If this is the case, pick the angle you want and reprofile so the cutting edge is centered and the left and right side are the same angle.


    Sharpie sticks on steel very well... a dab of alcohol- rubbing - vodka- run- etc, will remove the sharpie that is left over.




    as to the work sharp, the Ken Onion is the only work sharp to get for knives. If you picked up the base model, see if you can exchange it and buy the $130 or so Ken Onion edition.
     
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    tomcatmv

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    Just ordered a Work Sharp off Amazon. Will post results after I get it.
     

    Doctorwho1138

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    Get a work sharp. Guided 20 angle so you can learn angle and it’s pretty much foolproof. And it fits in your pocket or pack w ease. Cheap as well. I think I paid 20 bucks for mine and it has lasted me 10 years of regular use
     

    hermosabeach

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    Did you get the Ken Onion Edition?

    The Ken Onion is a few pesos more but allows you to set a specific degree angle for knives...

    It is a simple and easy to use platform. Do you have a wide tipped sharpie?

    If not pick one up before it arrives.

    If you don't know the sharpie method- I can explain (above now)


    DIAMOND- skip diamond... Diamonds stick into knife steel... they pull out of the block.... Diamonds have a place... Diamonds are NOT for sharpening carbon and stainless steel knives
     
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    PracticalTactical

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    I have been using a 1" x 30" belt sander like this (1x30 Belt sander) for many years. My blades are always hair shaving sharp.

    Here's another https://www.homedepot.com/p/WEN-1-in-x-30-in-Belt-Sander-with-5-in-Sanding-Disc-6515T/307873039

    The trick is not the brand of sander you have as much as it is the belts. I have several belts now 120, 240, 320, 400, 600, 800, 1000 and leather with polishing rouge. I got all of them from Lee Valley Tools.

    I also have many good stones, but that requires alot of elbow grease especially when beginning with a badly sharpened or badly dull blade.

    I'll use the stones to touch up a slightly dull blade, but I'll still always finish with the leather belt on the belt sander for that mirror finish. I don't buy stones that are sold in sporting goods stores or knife shops. Instead I get them at industrial supply stores that specialize in abrasives where the quality is excellent but the prices are much much better. Hopefully there's one near you.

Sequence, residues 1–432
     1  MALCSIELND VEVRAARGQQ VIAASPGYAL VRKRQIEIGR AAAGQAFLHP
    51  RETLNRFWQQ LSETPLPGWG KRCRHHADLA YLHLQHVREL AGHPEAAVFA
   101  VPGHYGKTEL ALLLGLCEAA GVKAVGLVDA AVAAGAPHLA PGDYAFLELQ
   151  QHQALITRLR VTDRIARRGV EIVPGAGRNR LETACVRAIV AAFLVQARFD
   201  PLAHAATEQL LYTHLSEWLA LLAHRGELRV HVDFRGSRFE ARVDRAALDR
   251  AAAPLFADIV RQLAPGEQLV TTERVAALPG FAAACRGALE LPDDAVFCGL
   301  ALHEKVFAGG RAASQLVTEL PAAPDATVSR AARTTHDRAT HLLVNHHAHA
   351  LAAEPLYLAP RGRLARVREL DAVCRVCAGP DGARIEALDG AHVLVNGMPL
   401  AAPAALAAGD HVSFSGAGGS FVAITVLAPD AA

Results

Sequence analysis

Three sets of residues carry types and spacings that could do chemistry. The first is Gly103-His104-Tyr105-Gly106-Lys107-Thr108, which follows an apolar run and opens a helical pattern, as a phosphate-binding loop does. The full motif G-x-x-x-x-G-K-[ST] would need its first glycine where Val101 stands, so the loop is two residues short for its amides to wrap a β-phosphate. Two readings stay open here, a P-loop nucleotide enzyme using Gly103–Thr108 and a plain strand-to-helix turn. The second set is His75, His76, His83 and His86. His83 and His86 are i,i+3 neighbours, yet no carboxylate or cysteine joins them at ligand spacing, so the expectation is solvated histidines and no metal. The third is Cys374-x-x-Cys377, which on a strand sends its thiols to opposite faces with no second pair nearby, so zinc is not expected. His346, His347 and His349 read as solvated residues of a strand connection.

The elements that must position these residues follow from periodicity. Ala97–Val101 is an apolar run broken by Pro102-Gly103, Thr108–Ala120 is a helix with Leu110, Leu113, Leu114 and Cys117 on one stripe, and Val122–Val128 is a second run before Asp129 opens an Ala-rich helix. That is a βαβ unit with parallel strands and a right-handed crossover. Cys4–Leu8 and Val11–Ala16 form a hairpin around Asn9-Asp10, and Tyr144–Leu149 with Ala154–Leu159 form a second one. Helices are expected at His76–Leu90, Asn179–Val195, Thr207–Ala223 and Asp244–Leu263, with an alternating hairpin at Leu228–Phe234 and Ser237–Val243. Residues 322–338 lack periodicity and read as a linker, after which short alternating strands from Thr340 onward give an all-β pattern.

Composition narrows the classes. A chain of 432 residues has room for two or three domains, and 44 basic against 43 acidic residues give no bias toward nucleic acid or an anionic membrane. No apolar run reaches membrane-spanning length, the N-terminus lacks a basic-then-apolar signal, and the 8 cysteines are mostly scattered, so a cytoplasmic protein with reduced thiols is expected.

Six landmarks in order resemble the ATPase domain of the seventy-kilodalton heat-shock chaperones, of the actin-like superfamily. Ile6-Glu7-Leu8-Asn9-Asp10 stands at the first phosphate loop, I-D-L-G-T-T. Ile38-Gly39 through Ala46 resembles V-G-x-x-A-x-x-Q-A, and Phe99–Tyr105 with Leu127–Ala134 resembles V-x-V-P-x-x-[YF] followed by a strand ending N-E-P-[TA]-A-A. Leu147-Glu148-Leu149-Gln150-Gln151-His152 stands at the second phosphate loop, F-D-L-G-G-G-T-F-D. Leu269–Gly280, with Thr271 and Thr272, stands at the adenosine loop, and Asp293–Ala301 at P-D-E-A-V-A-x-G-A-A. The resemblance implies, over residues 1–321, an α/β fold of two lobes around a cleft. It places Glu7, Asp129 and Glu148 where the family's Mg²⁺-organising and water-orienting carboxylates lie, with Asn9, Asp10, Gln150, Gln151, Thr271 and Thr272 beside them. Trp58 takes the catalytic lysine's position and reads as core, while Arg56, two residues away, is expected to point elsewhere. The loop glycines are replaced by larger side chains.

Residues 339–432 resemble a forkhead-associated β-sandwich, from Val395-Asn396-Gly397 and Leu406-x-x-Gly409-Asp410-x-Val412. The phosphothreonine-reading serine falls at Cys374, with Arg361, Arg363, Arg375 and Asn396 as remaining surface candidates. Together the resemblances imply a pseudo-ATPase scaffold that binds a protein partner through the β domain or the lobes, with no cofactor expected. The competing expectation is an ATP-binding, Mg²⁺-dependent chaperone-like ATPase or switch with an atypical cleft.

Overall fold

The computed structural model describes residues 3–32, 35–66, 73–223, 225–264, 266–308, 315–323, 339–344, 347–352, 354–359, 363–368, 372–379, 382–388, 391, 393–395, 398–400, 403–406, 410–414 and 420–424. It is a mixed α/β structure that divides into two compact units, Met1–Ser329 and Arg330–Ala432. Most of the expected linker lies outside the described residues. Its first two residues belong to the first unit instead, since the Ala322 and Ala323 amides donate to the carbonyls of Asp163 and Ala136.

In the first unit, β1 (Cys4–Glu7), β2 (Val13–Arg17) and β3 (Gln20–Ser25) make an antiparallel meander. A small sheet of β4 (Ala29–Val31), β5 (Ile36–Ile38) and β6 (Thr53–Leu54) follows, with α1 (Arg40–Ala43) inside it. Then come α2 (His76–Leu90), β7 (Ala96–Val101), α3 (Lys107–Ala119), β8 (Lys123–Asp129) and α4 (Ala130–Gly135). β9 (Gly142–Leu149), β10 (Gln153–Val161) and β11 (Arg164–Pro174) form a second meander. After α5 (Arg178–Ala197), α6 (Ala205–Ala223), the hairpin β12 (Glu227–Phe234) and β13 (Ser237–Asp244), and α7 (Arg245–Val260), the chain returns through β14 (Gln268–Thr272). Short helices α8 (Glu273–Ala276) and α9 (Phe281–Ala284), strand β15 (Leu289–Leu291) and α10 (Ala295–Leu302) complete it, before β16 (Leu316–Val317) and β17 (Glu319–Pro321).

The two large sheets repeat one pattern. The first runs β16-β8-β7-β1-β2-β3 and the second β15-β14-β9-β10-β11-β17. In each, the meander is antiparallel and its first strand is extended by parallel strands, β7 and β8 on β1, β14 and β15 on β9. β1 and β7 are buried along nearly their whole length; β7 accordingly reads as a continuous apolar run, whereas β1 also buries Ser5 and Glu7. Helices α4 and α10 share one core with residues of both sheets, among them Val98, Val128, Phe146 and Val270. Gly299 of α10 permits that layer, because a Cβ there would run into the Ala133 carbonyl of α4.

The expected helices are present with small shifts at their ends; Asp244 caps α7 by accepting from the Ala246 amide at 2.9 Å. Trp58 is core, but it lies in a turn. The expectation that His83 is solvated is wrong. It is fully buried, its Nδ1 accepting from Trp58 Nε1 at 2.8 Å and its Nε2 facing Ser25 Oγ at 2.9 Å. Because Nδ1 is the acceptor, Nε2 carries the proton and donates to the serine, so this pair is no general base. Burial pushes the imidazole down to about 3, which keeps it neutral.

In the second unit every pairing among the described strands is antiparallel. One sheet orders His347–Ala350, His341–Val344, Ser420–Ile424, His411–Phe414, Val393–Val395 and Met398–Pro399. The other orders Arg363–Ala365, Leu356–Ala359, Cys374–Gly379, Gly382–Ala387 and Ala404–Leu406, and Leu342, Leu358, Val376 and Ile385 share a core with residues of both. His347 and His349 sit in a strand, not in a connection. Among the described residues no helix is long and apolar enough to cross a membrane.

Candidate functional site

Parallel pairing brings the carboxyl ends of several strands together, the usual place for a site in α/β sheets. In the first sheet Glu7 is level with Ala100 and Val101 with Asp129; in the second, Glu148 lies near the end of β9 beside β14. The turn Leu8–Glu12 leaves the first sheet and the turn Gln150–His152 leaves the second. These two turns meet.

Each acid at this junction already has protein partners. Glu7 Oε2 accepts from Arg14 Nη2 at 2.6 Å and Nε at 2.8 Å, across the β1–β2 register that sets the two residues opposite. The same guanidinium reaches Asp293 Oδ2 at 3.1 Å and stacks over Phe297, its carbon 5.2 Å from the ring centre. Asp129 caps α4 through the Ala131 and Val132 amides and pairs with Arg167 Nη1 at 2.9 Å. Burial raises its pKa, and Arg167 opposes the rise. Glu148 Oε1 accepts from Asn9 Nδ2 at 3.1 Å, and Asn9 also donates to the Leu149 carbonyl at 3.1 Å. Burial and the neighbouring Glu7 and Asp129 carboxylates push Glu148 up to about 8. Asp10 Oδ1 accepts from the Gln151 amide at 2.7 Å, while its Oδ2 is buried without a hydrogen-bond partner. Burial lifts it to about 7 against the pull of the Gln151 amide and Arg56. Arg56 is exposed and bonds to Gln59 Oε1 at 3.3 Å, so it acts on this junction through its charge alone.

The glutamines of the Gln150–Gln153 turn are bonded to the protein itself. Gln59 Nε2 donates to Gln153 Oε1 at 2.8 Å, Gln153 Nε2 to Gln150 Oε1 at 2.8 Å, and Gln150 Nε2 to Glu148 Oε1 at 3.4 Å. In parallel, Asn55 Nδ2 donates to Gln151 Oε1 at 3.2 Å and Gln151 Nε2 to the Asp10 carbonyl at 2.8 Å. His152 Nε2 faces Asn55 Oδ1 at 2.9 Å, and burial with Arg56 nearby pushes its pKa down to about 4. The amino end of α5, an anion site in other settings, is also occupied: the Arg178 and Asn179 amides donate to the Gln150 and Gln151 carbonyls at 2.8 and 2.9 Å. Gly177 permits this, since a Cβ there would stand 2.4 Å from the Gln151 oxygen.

I would advise you guys to buy a generic power tool such as this belt sander where you can get belts at the local hardware store, rather than some niche product with hard to find or limited selection of belts. It's very important to have the fine belts and leather for a razor edge.

    You learn a lot about blade steel when you have a belt grinder as you learn what steel throws a large burr or not. Often times a cheap knife well sharpened is an awesome knife. Case in point, I bought a Shimano fillet knife at the dollar store (actually I have several now). Out of the box it was crap, but excellent after I re-profiled the grind angles and polished the edge. When I was done, it was like a brand new Mora.

    I don't believe it is important to obsess about the exact grind angles or tools sold in an effort to help you maintain an angle. You'll get a feel for it anyway.

    If you think about it, it is very difficult to sharpen a blunt edge, but less work to touch up the edge if the angle is slightly too slight... So err on too sharp rather than too blunt. I hope this statement makes sense for you guys.

    1597802418134.png

    Here's a couple pictures of a beast of a survival knife I made last year from 1/4" D2 steel. It's an awesome blade with a hybridized full flat grind / Scandi grind. I made the canvas Micarta too. Soon I'll need to take the handle scales off and polish it up again.

    1597805007758.png
    1597805038212.png
     
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    tomcatmv

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    Did you get the Ken Onion Edition?

    The Ken Onion is a few pesos more but allows you to set a specific degree angle for knives...

    It is a simple and easy to use platform. Do you have a wide tipped sharpie?

    If not pick one up before it arrives.

    If you don't know the sharpie method- I can explain
    Please explain.